I told my doctor about this and he thought my psychologist and the profession has gone a bit crazy. The funny thing is that these mental doctors and their little helper psychologist take a very dim view on benzos and yet benzos if taken cautiously is okay . Just read the posts in this forum , many survive.
I think there is just a conspiracy, there just aren't enough psychotics or bipolar people out there so the drug companies need to expand their market and of course who are the guinea pigs, patients of psychiatrists.
I once had a chat with a mental health worker and she said the department was so strapped for cash and was hugely funded by the pharma companies and these drugs were often prescribed to patients who just had anxiety. Zyprexa is known to cause diabetes, who wants that anyway.
I get really angry with the whole mental health professionals, I really don't know how they can sleep at night after prescribing such dangerous medications. When one sees a mental health professional , usually the person is so vulnerable and a lot of trust is placed with the worker and it is sad that this trust is being abused by the psychiatrist and psychologist with the drug companies calling the shots. Really there should be more control over dispensation of these drugs and the whole profession.
Anyway, my advice is just try one of the SSRI's if you have to.
As with any psychoactive compound, one must assess the risk-to-benefit ratio. The modern atypical antipsychotics actually are no better or safer than their 1950's Phenothiazine counterparts that they've largely replaced (which are/were known as "typical" antipsychotics).
Unlike the Pheothiazines (eg, Thorazine) which target D2 (dopamine) receptors exclusively, the modern atypical antipsychotics (eg, Abilify) exhibit high affinity for D2, D3, 5HT1 and 5HT2 receptors, and moderate affinity for D4, 5-HT2(c), 5-HT7, alpha(1)-adrenergic, and histamine(1) receptors.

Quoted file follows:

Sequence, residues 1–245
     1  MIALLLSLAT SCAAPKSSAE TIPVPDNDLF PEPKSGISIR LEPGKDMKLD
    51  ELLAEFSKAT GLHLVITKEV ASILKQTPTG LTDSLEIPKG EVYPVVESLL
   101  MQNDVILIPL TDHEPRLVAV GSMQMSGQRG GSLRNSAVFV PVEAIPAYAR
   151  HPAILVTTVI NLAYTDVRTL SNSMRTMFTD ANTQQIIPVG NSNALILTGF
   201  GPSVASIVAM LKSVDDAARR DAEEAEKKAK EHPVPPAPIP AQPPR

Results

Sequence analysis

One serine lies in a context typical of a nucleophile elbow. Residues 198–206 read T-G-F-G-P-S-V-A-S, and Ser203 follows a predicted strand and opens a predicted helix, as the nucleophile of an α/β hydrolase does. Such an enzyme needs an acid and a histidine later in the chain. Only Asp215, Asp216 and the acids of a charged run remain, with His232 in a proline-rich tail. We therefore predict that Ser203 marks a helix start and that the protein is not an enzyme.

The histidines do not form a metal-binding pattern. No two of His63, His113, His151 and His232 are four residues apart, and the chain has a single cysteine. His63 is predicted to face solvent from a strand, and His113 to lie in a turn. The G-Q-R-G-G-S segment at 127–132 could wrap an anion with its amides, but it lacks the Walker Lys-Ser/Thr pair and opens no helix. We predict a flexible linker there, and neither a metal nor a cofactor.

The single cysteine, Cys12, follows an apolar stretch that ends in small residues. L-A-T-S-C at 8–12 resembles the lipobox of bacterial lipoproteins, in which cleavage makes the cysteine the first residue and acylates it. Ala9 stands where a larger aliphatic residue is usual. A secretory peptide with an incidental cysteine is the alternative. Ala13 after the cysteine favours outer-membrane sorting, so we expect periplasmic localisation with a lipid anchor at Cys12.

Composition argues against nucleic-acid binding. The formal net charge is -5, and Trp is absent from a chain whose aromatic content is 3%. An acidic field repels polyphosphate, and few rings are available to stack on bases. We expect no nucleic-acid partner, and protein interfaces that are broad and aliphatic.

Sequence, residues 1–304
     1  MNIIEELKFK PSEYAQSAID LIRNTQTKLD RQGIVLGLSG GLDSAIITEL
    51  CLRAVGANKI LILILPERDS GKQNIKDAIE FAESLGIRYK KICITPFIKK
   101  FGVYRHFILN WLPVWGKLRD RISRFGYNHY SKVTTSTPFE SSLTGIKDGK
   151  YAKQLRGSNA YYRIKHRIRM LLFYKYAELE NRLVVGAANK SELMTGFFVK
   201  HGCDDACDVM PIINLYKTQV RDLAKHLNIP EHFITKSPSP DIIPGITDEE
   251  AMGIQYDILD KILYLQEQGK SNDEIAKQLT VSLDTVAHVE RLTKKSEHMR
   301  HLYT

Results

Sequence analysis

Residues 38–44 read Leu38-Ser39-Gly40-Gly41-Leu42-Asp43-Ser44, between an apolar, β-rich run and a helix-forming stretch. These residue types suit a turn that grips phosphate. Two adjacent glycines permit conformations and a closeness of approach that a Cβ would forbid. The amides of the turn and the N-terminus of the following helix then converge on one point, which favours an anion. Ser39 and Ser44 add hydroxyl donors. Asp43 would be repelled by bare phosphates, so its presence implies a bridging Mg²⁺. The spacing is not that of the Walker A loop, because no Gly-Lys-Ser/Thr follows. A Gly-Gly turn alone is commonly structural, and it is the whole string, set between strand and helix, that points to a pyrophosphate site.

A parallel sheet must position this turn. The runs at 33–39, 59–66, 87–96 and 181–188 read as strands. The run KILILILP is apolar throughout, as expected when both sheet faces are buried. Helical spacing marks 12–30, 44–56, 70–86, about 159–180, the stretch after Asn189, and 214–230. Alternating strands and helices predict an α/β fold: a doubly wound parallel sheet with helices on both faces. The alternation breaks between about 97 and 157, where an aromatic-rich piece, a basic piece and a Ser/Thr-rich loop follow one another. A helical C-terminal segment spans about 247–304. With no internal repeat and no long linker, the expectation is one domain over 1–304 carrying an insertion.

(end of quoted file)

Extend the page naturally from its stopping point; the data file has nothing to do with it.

Of the receptors cited, only 5-HT1 has been associated with anxiety (and that is anxiety that recurs secondary to a depressive affect). The others have no bearing on anxiety states, and are more attributable to a "chemical lobotomy"
Any drug that antagonizes (or that acts as a partial agonist) on Dopamine receptor sites has the potential to induce the following:
(A) Neuroleptic Malignant Syndrome: Characterized by hyperpyrexia, muscle rigidity, altered mental status, and autonomic instability (eg, irregular pulse/blood pressure, tachycardia, diaphoresis, cardiac arrhythmia). This must be recognized and treated immediately, as it usually ends fatally.
(C) Persistent Tardive Dyskinesia: A permanent movement disorder.
Those three are the hallmark adverse consequences of atypical/typical antipsychotics.
However, the atypicals carry additional adverse effects. More receptors are targeted than with the typicals (in this case, D3, D4, alpha-adrenergic, and histamine 1):
(D) Cerebrovascular Adverse Events (a nice way of saying stoke)
(E) Induction of Hyperglycemia and Diabetes Mellitus
(F) Orthostatic Hypotension (a drop in blood pressure of greater than 20/10 mmHg upon standing). This may result in fainting upon standing.
(G) Seizure: The atypicals decrease the seizure threshold
(H) Adverse Cardiac Effects (or disturbance of cardiac conduction)